Egyptians developed the stone building. Stone and brick floors began to appear. Soon, those floors became works of art, in addition to being useful surfaces in a house. Colored tiles created patterns called mosaics on the floors, adding to the beauty of the house. As early as 3000 years ago, the Greeks created mosaics of pebbles to use on the floors. Gradually, they began using rectangular shapes of stones instead of pebbles. This technique was used in ancient France, Spain, Italy, and northern Europe. During the Roman Empire (27 BCE – AD 476) engineers found another benefit to the heated stones floors: heat.
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They built a small cellar, which had columns below floor level, which supported a larger square of stone. A ventilation hole was created on one end of the basement, and fires were started on the other end. The heat and smoke from the fire would warm up the rock floor above.
Evidence also suggests ceramic tiles were used as flooring thousands of years ago. The Romans introduced the production of tiles to parts of western Europe. However, after Rome fell, the craft was forgotten for centuries.
Tile floors appeared and then disappeared. Tiles with decorations were used in Turkey, the Middle East, and in Holland in the 1600s. It was only during the mid-1800s that they became popular again across Europe. The modern tile industry began in 1843, with Herbert Minton revitalizing the tilemaking trade in Britain.
Isaiah 42:5 – Thus saith God the LORD, he that created the heavens, and stretched them out; he that spread forth the earth, and that which cometh out of it; he that giveth breath unto the people upon it, and spirit to them that walk therein:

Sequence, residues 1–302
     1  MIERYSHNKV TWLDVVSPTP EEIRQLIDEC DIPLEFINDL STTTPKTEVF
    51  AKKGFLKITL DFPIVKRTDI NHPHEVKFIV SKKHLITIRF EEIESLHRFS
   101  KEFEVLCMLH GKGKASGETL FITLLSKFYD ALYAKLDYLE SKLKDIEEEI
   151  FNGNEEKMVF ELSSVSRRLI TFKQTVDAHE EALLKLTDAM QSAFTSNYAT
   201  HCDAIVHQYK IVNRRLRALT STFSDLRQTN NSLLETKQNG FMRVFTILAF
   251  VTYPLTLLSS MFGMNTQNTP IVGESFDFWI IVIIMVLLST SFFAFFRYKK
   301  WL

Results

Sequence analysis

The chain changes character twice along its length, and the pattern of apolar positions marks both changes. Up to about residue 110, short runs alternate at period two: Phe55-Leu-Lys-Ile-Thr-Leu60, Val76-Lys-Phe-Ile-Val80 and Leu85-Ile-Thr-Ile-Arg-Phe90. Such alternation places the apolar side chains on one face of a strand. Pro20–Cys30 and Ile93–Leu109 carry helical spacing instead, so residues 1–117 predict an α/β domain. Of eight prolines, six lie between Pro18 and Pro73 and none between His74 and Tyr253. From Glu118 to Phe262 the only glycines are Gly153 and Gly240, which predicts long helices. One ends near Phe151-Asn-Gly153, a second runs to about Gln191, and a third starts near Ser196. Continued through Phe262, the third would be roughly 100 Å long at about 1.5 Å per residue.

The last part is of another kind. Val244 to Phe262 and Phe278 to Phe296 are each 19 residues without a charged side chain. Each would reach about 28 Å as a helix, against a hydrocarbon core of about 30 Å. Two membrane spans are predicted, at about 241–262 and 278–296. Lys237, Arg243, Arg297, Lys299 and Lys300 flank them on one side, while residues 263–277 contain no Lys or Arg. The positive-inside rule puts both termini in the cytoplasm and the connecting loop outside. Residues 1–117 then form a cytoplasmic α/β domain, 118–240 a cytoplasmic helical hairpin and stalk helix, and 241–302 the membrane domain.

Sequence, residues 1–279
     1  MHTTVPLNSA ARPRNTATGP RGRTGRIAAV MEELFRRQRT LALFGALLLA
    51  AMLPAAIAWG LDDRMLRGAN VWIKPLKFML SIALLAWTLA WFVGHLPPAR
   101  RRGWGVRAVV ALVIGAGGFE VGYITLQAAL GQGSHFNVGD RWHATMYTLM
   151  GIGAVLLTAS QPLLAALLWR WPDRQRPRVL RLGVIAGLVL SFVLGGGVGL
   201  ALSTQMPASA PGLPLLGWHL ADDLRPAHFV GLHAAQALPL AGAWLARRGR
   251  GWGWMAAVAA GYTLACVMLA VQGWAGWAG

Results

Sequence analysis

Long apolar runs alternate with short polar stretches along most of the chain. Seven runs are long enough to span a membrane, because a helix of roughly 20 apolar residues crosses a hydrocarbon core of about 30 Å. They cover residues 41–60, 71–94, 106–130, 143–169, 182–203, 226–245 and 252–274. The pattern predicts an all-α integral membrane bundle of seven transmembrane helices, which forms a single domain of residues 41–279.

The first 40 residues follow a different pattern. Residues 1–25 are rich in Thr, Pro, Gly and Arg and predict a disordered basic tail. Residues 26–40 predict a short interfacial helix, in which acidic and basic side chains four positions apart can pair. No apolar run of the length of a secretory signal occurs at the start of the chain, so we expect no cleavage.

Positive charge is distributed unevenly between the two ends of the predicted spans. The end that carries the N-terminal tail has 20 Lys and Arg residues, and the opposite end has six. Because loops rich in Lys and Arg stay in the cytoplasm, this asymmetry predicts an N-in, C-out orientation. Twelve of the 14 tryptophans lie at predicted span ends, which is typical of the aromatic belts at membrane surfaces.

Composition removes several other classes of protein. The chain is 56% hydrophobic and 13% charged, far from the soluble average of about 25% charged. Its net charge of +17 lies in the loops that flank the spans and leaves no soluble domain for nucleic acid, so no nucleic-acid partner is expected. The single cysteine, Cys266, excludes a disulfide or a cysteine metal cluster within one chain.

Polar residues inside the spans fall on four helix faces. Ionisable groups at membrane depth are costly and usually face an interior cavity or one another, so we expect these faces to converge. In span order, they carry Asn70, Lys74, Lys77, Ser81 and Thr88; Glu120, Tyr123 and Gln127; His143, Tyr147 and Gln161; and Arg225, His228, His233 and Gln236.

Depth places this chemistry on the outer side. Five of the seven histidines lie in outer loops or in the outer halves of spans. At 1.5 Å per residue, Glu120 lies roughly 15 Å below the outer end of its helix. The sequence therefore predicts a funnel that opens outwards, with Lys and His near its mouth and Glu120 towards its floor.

In Latin America and South America
Unadorned, simple ceramic tiles were widely used. Tiles became popular in North America during the late 1500s, prospering until around 1930. The first known wooden floors came into use in the medieval period. At first, coarse boards were laid on top of each other to create the floor. These were later polished, or polished, either by grinding with stones or metal. Later, lacquer or stains were applied, which helped to smooth out the floor and help make it last longer. Stains were also used to add patterns to the floor. Sometimes, recessed patterns were created by carving shapes from various woods of varying colors and fitting them together in patterns, much like a jigsaw puzzle. People would also draw patterns and designs onto floors.
The oldest known rug with weaving was discovered in Siberia in the 40s
Called the Pzyryk carpet, it dates from around 400 B.C. Other evidence suggests some form of rug-weaving was used around 4000 years ago in Egypt, Mesopotamia, and in Middle Eastern and Asian regions. Rug-making in China dates from the Sung dynasty (960-1279 AD).
Italian explorer Marco Polo saw some of this work on his journeys across China and Turkey during the 1200s. He was very impressed by their artistic quality. The Romans used carpets for floors and walls in their palaces. They even used them for paying taxes. When Egyptian Queen Cleopatra met the Roman emperor, Julius Caesar, for the first time, she had her body brought in smuggled in, wrapped up in a gigantic rug.
Iran (then called Persia) developed rugs very much in its art of rug making in the time of the Safavid Empire (1502-1736). The designs that they developed are still used in carpets worldwide. The “Persian Rug” is highly valued to this day.
Hebrews 1:10 – And, Thou, Lord, in the beginning hast laid the foundation of the earth; and the heavens are the works of thine hands: